Here's a nice piece written in 2003 by a friend for his folks back home. 

I promised to talk about the "sandstorms" we encountered. I finally have time to keep that promise. Seems that supporting all those ground troops with our flights has kept me away from e-mail a bit. I have caught up, so here we go...

I had a mission that took us to the west coast of the Persian Gulf. I'd seen the news networks on the ship's satellite TV that there was a "big sandstorm" approaching from both up north in Iraq and to our west in Saudi Arabia. The news agencies typically will sensationalize things out here, so I didn't pay much attention to it.

Our weather brief before the flight mentioned reduced visibilities on the beach, but that wasn't uncommon as the winds had been blowing fairly hard over the past month. We refer to the "beach" as our divert airfields should we have a situation where landing on the ship isn't preferable. I realized before we took off that there was some windy and bumpy weather to be encountered on my flight as well as a possibility of some reduced visibility. No worries though, we are trained for this stuff and there wasn't anything to indicate that we would have any problems.

After my night catapult off the ship I climbed through some turbulence and got on top of what appeared to be a "haze layer" that was similar to what we have had for the several weeks prior. The moon wasn't very full so it was very dark... so dark that there was no horizon. We are trained to handle this so it didn't bother me or my wingman. As we conducted our mission, I could see that there was something interesting about the ground below. The oil rig lights and fires below were getting more and more dim, with a brown glow. Oil rig fires are normal as they are a process of burning off the unusable gasses from the "stuff" being harvested from the underground wells. I didn't think too much of this as the haze and some suspended dust from the dessert is a common weather pattern here.

Mission complete, time to return to the ship. We transited back home and did everything normal. Once on approach I could hear on the radio that the jets in front of me couldn't see the ship at the normal 3/4 mile 'ball call.' The 'ball call' is 15-20 seconds before you touch down on the back of the ship. The LSO (Landing Signals Officer) was having to verbally talk the pilots down to the back of the ship until they got close enough to see it. The LSO was able to see the light of the airplanes, determine glideslope and relation to runway centerline and therefore talk the pilot into the wires (arresting wires on the ship). The pilot is extremely busy controlling the airplane as well as looking at his instruments and typically doesn't pick up the ship in bad weather as quickly as the LSO can see the plane.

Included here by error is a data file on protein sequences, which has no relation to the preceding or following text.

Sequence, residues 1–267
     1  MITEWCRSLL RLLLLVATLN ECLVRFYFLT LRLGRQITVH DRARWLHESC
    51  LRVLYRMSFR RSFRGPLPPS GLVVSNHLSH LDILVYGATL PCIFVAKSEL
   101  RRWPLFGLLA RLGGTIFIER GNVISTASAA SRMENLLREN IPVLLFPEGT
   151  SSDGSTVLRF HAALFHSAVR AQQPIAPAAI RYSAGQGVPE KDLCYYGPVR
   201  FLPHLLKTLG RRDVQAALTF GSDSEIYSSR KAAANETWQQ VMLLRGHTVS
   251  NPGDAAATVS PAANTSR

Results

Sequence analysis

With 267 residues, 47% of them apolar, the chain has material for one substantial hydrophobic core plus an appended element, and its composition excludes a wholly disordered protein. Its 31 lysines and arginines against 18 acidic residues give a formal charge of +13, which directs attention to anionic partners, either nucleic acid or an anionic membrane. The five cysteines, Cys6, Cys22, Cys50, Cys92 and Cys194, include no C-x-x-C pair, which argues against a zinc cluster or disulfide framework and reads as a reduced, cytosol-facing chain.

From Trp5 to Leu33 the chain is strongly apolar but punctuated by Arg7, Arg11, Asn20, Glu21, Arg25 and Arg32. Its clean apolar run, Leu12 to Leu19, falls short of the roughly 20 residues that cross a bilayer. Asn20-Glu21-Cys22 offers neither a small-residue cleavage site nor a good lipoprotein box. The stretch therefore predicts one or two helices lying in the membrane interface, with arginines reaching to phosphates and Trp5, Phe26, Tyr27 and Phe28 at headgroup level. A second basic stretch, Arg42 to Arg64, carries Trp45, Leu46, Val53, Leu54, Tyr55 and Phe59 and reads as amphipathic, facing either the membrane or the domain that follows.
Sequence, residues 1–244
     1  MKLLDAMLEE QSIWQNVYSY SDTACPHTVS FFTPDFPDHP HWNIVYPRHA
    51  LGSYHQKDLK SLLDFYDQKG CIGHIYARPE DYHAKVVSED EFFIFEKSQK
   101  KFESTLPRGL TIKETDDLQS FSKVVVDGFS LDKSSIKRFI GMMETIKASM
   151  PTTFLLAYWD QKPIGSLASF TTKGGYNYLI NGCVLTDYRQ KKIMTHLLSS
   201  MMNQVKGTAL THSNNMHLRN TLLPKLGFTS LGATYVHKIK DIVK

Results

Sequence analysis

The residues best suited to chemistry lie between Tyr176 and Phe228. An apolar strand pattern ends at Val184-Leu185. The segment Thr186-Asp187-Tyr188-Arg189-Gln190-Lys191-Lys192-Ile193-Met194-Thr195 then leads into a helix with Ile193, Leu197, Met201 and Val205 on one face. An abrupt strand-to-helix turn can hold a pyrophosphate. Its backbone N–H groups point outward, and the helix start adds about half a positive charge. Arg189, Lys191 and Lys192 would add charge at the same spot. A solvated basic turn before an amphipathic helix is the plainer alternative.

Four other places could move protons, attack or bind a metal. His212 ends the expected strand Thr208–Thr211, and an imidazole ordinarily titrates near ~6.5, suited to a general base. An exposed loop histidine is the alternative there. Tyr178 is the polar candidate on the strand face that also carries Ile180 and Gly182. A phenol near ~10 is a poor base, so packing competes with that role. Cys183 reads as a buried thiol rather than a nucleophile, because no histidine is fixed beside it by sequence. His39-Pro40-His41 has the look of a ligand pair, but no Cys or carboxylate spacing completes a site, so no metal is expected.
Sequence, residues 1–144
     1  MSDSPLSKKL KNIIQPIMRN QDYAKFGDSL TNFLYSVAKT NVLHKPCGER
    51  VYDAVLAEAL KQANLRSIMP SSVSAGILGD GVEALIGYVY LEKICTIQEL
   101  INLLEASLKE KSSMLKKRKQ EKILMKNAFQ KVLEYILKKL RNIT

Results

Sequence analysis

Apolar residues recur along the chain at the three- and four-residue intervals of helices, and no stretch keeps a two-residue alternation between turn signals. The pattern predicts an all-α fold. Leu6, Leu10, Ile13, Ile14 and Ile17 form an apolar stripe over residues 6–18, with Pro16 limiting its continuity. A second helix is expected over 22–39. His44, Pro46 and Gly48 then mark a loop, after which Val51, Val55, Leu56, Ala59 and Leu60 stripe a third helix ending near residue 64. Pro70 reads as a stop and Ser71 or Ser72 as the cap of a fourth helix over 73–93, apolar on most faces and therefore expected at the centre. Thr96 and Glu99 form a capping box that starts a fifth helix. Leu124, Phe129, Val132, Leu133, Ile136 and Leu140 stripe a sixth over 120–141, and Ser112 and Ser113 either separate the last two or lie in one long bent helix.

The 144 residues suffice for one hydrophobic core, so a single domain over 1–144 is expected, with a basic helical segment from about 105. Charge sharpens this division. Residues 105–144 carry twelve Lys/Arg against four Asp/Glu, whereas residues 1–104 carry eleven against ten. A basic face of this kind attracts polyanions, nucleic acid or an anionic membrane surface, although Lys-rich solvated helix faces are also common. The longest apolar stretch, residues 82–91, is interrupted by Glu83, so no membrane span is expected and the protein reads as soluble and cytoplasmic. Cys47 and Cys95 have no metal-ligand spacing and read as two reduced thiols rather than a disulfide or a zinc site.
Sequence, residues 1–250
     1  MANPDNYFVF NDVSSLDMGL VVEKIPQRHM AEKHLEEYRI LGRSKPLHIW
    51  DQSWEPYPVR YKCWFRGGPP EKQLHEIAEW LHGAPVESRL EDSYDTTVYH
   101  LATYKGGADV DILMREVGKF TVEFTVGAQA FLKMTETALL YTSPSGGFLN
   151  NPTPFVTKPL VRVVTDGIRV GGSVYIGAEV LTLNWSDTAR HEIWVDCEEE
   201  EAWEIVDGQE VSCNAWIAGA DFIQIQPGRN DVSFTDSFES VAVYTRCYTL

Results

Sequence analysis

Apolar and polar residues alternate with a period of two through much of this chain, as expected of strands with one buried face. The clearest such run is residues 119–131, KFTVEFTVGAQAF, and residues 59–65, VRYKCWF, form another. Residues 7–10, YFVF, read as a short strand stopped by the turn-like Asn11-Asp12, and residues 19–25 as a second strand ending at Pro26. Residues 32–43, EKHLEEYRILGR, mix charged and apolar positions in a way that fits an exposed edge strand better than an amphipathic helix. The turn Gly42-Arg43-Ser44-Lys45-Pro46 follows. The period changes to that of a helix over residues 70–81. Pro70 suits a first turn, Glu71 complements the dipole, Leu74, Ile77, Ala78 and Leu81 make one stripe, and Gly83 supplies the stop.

Once it became my turn to 'call the ball' we also didn't see the ship. We called 'CLARA,' meaning I don't see the ship or the visual glideslope reference. The LSO then gave me a good cadence of calls that told me where I was on the glideslope and centerline. I flew for about 10 seconds and then suddenly before me, I saw the lights of the ship. I called, "Ball" over the radio signifying that I saw my visual references and then trapped aboard the ship. I then said, "WOW!" to my right seater, signifying what an interesting ride that past 20 seconds had been. We then were taxied to our parking spot where we shut down the jet and got out.

Upon returning to the readyroom I had learned that the storm had just reached the ship and that each pilot returning had worsening and worsening conditions as each plane trapped. I was the last to land, so thankfully the worst was over... or was it? The next set of airplanes still had yet to land! Up to the LSO platform I went, to help my fellow LSOs land the next set of jets on the flight deck.

After flight operations were over and I had a chance to walk around the flight deck. I took a moment to feel exactly how eerie it was with all this sand suspended in the air. You could taste it in your mouth and could feel the grit in your teeth, not that I have ever purposely munched on a handful of sand before. My eyes were irritated by the sand and you could feel the sand sticking to any part of your body that might have a bit of moisture or sweat on it. It was as if there was a fog of sand that reduced visibility just like when ground fog sets in. I haven't seen anything this bad except for when the visibility goes to almost zero because of ground fog. On the flight deck, you could see where the jets had taxied as there was a slight tire track, as if a light snow had just fallen.

This was some of the most interesting weather I have seen besides my encounter with the thunderstorms out here. I am sure this region has more interesting experiences to offer. I know the heat, for one, is just around the corner!


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